“Anything Goes” at Parkland is in ship-shape

Photo by Kelcey Williams | Dennis Sims and Tyle Cook, playing the captain of the S.S. American and one of the sailors respectively, stand together backstage.

Photo by Kelcey Williams | Dennis Sims and Tyler Cook, playing the captain of the S.S. American and one of the sailors respectively, stand together backstage.

Peter Floess

Staff Writer

For most of April, Parkland College’s theatre will be showing Cole Porter’s comedic musical “Anything Goes.”

Most of the musical is set on the S.S. American, and, according to at least one sailor, was a very fun show to work on.

Parkland student Tyler Cook, who plays a sailor, enjoys the dancing and comedy of “Anything Goes.” He believes that this show is “so exciting and high energy” due to “[the] talented people aboard this ship,” also saying it “is [a] fantastic show and a lot of fun to” be a part of.

In “Anything Goes,” this “high energy” means that very little is understated in terms of acting according to Ray Essick, who plays the main male character of the musical, Billy Crocker. In this musical, Essick says he tries to bring his acting of Crocker “to the edge.”

Dennis Sims, who plays the captain of the S.S. American, agrees with Cook’s sentiments.

“[It] has been a very fun show to work on,” says Sims. “There are a lot of funny lines, that if we deliver correctly the audience can understand. It is good to have reaction from the audience”

Sims also enjoys the tap dancing in the play, even though he is not a dancer himself.

The tap dancing of the cast was impressive. Some songs such as “Blow, Gabriel, Blow” and “Anything Goes” involved quite a bit of tap work by many of the actors and actresses. Most of the cast participated in these songs, either through dancing or singing.

In these scenes, the cast did a beautiful job being a single choreographed, chorus unit. However, Malia Andrus, who played the main female character Reno Sweeny, dominated the scene of “Blow, Gabriel, Blow,” in which her character is supposed to be the main focus.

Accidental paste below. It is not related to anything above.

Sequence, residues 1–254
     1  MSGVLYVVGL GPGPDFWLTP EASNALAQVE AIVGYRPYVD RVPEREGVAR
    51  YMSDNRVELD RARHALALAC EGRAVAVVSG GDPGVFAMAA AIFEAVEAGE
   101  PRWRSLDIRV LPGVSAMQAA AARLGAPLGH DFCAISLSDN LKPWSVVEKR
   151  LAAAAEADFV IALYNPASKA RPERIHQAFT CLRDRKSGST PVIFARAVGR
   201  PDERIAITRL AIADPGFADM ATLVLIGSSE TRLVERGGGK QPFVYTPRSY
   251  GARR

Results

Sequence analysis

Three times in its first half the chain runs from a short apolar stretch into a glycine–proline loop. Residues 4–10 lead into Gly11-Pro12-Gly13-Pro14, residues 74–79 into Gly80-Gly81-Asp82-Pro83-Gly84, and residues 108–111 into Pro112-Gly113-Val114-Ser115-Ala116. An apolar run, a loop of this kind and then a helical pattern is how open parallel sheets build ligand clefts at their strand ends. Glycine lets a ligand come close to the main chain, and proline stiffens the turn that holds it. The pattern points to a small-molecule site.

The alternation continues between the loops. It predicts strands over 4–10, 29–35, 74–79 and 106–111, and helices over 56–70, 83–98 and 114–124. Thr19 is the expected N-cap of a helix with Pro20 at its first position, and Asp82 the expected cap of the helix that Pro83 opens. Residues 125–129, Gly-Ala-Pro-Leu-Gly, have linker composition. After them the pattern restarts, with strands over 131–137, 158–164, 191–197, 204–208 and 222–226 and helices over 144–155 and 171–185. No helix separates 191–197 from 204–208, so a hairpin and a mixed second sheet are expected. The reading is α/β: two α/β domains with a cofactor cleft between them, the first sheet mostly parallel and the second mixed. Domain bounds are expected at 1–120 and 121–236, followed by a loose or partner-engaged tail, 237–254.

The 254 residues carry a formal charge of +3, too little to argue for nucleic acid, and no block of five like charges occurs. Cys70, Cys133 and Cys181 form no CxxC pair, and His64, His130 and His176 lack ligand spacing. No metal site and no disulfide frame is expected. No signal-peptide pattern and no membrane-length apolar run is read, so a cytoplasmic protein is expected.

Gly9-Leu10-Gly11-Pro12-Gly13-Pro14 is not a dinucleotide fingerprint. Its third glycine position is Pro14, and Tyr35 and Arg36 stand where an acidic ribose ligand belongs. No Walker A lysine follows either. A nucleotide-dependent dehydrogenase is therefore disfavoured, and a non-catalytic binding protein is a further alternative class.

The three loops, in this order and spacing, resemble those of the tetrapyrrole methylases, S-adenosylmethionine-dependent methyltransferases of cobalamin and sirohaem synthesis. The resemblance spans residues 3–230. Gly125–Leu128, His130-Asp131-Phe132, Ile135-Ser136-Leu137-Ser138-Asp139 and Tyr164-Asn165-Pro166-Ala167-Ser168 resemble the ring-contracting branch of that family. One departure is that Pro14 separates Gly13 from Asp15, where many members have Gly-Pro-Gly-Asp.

In this musical, several actors and actress have tattoos that need to be covered up for their roles. Parkland student Grace Wilson-Danehower, who works on make-up, hair, and quick set changes between scenes, does this. There are also several characters that have moustaches that need to be “glued on.”

“Backstage is just [as] important as the actors and actresses,” says Wilson-Danehower.

The sound effects were another great addition to the play. When Moonface Martin, played by Jeff Dare Erma, is in disguise as a Christian minister, the sound effects added to the comedy of the scene. Erma played the bumbling gangster Moonface Martin well.

The production also did a good job reminding the audience the action took place on a cruise ship in the early 20th century. At one point, one of the pit orchestra members played an instrument that sounded like a “fog horn” when the ship left the port of New York City. Also in the beginning, the captain and another cast member make a few jokes about the RMS Titanic and other famous passenger ships of the early 20th century.

The entire cast, the pit orchestra, and crew of “Anything Goes” did a wonderful job making an “awesome” production, as Wilson-Danehower describes it.

The musical is playing on April 13–15 and 21–22 at 7:30 p.m. and on April 23 at 3 p.m. in the Harold and Jean Miner Theatre in the C-wing. Tickets cost $16 for adults, $14 for students and seniors, $10 for children, and $12 for groups of 15 or more.